5. Conduct a Regulatory Evaluation on all new designs and changes to existing designs. This evaluation is to be clearly and thoroughly documented within the Design History File. There are guidance documents which exist to aid medical device companies in making these decisions. A flow chart is typically used by industry to document this decision. FDA Investigators will review the DHF in order to determine whether the company has been duly diligent related to any regulatory submission that may be necessary as a result of the design project.
  6. Ensure that all Engineers who have participated in any of the design control activities found within the DHFs are trained regarding applicable and established Design Control Procedures. FDA Investigators will determine whether or not all members of the Design Team have had adequate training in all applicable and established Design Control procedures associated with the design project on which they performed activities. This training is to be documented at the company and not within the DHF. Companies need to ensure that the training has been conducted related to the applicable revisions of the procedures.

  7. Document, document, document. After all, if it is not documented, then it has not been done, according to the FDA adage. Documentation omissions and errors account for the majority of design control issues that FDA Investigators note on FDA-483s. Not much credit is given to companies that have incomplete design control documentation within DHFs. Therefore, ensure that the documentation is complete, accurate, and understandable and an FDA-483 may be avoided.

In summation, by implementing Quality by Design, understanding the Total Product Lifecycle, and developing medical devices in accordance with the FDA Design Control regulations, a medical device company will be on the road to providing the American people with safe and effective products in this ever-changing technology arena.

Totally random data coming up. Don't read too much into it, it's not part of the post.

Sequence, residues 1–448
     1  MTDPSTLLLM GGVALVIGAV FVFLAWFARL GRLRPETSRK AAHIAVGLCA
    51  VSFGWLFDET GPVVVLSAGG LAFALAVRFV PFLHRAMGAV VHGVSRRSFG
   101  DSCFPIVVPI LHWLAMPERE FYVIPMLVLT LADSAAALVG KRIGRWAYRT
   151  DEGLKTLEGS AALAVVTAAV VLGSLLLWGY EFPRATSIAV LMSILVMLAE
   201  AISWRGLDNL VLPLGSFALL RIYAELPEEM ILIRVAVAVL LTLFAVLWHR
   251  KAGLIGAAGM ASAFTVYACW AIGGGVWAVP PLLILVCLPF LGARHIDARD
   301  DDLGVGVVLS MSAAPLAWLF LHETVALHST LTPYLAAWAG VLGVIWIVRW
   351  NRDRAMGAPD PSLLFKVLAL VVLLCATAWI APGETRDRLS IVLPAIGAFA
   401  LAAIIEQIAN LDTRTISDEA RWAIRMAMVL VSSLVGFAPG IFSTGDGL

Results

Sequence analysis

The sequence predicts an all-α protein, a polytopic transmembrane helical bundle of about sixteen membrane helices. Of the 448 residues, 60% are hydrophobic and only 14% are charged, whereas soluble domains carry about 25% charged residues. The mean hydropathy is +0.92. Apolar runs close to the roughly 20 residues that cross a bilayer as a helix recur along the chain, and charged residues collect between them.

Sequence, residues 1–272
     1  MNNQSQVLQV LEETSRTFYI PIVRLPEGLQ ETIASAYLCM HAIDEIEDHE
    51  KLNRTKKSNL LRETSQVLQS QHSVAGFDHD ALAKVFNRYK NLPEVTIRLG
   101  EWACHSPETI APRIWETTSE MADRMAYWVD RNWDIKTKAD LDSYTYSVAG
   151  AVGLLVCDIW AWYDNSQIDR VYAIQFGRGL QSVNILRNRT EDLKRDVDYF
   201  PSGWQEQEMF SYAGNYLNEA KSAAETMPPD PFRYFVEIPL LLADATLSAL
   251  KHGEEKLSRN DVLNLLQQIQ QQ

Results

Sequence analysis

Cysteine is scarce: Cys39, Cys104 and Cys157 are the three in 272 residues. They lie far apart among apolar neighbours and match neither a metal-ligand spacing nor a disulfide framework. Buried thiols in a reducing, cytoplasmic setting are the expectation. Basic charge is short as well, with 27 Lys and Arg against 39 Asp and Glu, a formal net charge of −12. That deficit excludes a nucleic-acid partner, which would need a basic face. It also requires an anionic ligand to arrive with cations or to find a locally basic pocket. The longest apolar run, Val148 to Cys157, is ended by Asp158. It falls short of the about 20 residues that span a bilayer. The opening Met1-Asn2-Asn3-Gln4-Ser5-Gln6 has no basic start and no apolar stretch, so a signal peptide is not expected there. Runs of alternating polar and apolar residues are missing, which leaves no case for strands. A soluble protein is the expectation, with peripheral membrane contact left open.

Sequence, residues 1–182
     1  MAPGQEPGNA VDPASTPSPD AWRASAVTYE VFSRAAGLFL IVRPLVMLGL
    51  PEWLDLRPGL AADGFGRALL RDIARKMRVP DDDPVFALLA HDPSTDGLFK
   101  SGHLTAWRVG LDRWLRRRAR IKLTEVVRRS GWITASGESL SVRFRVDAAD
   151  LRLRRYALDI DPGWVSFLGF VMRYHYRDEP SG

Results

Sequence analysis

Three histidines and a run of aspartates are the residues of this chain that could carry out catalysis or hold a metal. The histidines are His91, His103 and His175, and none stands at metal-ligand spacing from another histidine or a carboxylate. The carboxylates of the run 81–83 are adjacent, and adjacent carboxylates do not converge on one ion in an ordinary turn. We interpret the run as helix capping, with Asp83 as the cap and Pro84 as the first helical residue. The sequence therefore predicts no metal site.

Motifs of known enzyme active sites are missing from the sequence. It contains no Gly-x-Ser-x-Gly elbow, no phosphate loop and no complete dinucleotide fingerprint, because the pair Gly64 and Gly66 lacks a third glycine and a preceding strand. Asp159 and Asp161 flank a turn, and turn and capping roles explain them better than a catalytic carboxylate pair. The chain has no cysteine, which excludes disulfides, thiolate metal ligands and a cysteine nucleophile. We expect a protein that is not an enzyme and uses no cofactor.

Lori Carr has more than 14 years' experience in the medical device industry. As a Medical Device Specialist FDA Investigator in both the Cincinnati and Denver District Offices of FDA, she conducted international and domestic inspections of medical device facilities and trained FDA investigators in conducting medical device inspections.As an FDA regulatory compliance consultant, she performed numerous quality assurance audits for medical device companies. She has created and implemented quality systems and provided guidance on quality, regulatory, and compliance issues throughout the world. Her clients include companies that have received FDA Warning Letters, are under FDA injunction or have had product seized by FDA.

In her capacity as a Medical Device Specialist, she conducted numerous domestic and international inspections to ensure compliance with applicable FDA regulations including routine GMP, Pre-market (PMA), 510(k), and directed inspections from the Center of Devices and Radiological Health (CDRH) while working in both the FDA Denver and Cincinnati District Offices.

She can be reached at 720.981.9594, loriacarrinc@comcast.net orhttp://www.linkedin.com/in/loriacarrinc.

FDA Link

Do It by Design: An Introduction to Human Factors, http://www.fda.gov/cdrh/humfac/doit.html

Additional Article

Rubin, David. "Integrating Quality and the Product Life Cycle into a Single System." MedicalDeviceLink.com, August 2007. Accessed 3-4-09. http://www.devicelink.com/mddi/archive/07/08/014.html